2. Keep leftovers visible

Store your leftovers near the front of the refrigerator so you remember to eat them before cooking a whole new meal. I have found it also helps to keep leftovers in clear glass jars or containers so I don’t forget what I have. Using a post-it to label your leftover with a date also helps reduce the chances of leaving them for too long.

I decided to stop buying celery for a while because I always thought we would eat it, but more often than not it went bad and it ended up in the compost.

If you find you keep throwing away the same food at the end of the week, consider taking a break from buying it for a while or buying in smaller quantities. You can also make a soup, stew, sauce, dressing or smoothie with soft wilting veggies or fruits, as a last ditch effort to utilize them, depending on how far gone they are.

PS – Compost Your Halloween Pumpkins!

Remember to compost your pumpkins! Now that Halloween is over, your Jack-o-Lanterns and other decorative gourds might not be looking good for much longer. Don’t let them end up in the incinerator/waste to energy plant!

 

 

 

GATHERING FOR THE CAUSE:
NYSACC CONFERENCE A SUCCESS!
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By Dean Gallea

The NY State Association of Conservation Commissions (NYSACC) held its 50th Annual Conference on the Environment from Thursday to Saturday, October 21-23, 2021.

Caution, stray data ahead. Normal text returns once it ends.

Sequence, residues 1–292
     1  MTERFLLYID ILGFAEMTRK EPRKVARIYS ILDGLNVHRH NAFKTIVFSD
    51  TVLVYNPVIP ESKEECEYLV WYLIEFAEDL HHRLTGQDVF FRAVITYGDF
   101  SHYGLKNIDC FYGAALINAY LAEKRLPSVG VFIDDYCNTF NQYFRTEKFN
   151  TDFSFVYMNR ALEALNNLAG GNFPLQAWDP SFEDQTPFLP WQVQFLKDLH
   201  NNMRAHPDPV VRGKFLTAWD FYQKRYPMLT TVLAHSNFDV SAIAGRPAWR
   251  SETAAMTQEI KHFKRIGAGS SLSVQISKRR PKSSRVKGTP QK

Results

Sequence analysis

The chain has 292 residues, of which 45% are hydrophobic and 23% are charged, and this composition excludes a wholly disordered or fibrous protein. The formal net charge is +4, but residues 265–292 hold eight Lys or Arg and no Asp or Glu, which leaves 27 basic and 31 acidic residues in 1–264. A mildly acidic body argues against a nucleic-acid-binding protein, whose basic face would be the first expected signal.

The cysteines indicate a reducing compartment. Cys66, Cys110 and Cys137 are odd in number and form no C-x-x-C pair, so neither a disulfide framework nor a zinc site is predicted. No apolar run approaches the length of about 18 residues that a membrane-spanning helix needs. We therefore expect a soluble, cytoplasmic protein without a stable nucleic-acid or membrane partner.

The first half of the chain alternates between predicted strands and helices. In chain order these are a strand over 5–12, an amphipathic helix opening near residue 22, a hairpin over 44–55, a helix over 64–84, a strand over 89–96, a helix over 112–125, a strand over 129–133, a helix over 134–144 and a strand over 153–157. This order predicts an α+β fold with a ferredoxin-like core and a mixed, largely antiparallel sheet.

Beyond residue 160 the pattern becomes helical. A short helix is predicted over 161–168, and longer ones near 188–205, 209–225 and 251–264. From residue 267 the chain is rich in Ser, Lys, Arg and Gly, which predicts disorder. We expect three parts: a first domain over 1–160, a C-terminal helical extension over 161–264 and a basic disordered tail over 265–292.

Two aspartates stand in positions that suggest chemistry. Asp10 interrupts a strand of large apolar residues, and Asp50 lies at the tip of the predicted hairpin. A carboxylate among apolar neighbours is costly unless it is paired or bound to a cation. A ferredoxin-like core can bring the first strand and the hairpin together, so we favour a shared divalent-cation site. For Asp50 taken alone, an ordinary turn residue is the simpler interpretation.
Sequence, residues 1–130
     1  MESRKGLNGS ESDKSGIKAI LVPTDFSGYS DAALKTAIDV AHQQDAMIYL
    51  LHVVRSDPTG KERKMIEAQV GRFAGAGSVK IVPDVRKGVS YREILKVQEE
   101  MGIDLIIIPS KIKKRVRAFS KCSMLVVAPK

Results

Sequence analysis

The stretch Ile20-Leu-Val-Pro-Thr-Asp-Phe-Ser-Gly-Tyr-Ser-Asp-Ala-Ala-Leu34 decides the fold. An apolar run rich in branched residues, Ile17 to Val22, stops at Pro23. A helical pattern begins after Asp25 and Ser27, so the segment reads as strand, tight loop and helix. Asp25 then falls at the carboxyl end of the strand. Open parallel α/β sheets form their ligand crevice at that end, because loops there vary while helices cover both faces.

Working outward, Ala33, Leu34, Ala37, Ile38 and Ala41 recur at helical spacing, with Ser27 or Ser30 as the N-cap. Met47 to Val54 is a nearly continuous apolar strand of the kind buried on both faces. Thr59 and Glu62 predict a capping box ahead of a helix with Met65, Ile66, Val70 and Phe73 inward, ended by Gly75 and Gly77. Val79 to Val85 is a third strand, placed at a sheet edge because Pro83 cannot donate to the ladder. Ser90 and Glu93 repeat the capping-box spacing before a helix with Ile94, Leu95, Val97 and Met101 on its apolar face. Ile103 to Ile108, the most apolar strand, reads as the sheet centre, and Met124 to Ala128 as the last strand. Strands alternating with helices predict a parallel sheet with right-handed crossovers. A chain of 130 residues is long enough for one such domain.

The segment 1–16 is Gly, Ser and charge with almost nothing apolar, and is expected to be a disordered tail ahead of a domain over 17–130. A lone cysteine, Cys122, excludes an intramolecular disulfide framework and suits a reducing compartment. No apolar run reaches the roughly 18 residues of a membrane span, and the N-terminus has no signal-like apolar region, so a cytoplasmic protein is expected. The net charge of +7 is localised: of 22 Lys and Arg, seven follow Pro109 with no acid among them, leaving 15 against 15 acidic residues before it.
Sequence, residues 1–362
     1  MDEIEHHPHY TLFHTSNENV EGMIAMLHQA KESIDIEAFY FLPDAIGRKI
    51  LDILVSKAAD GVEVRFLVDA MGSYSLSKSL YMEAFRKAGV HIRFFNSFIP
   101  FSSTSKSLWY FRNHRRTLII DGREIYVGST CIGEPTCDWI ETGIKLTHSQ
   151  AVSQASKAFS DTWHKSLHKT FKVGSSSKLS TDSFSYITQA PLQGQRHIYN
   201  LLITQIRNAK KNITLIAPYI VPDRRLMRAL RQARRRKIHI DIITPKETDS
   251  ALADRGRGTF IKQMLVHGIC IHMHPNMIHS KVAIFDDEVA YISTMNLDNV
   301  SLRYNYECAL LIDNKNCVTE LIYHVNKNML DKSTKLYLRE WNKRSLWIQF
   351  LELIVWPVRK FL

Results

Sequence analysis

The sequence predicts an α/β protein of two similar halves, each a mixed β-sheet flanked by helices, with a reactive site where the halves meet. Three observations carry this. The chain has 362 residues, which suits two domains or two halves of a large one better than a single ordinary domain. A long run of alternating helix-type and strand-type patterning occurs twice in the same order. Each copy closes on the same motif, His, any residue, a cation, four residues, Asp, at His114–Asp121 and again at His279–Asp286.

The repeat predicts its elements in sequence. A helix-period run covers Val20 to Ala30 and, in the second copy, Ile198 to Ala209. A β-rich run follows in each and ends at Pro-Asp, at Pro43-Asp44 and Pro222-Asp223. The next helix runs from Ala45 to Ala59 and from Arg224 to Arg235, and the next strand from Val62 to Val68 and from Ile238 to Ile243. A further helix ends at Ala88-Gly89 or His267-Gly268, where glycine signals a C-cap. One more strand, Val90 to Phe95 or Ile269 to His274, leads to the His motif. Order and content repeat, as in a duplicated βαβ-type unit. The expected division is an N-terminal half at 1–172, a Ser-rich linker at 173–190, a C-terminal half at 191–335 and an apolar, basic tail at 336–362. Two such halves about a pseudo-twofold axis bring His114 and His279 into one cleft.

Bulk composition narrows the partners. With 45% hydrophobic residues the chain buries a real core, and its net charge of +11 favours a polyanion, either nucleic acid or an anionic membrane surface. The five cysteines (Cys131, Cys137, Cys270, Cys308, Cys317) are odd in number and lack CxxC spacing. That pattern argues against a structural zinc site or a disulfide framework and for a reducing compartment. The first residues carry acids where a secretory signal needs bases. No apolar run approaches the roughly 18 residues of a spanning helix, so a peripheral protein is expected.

The Conference is an annual event, bringing together hundreds of mostly volunteer members of Conservation Advisory Councils (like TEAC) across New York state to participate in workshops and panels on a plethora of environmental topics, led by State and local officials, experts, academics and others. This year, it was a “virtual” event, hosted on a fun, old-school 2-D computer game-like platform called GatherTown. Here’s an example of one discussion area:

NYSACC’s President, Simon Skolnick, recruited a group of about 15 stalwart members of various local CACs – including several of us from Tarrytown, as well as Croton, Irvington, Dobbs Ferry, Hastings-on-Hudson, Bedford, Mt. Vernon, Pound Ridge and other county municipalities — to serve as the Conference planning committee. It was a ten-month-long effort, but we were all very happy with the successful result!

Our Conference had five general tracks: Land & Water (1 and 2), Environmental Justice, Greening Our Energy, and Waste Not, each with its own “room” named for a local water body. Within each track, we planned four Workshops, for each of which we recruited expert speakers from NY agencies like the DEC and NYSERDA, Westchester County officials, colleges and universities such as Colgate, Rutgers, Sarah Lawrence and SUNY, environmental groups like Sustainable Westchester, Groundwork, FCWC, and NRDC, and many others.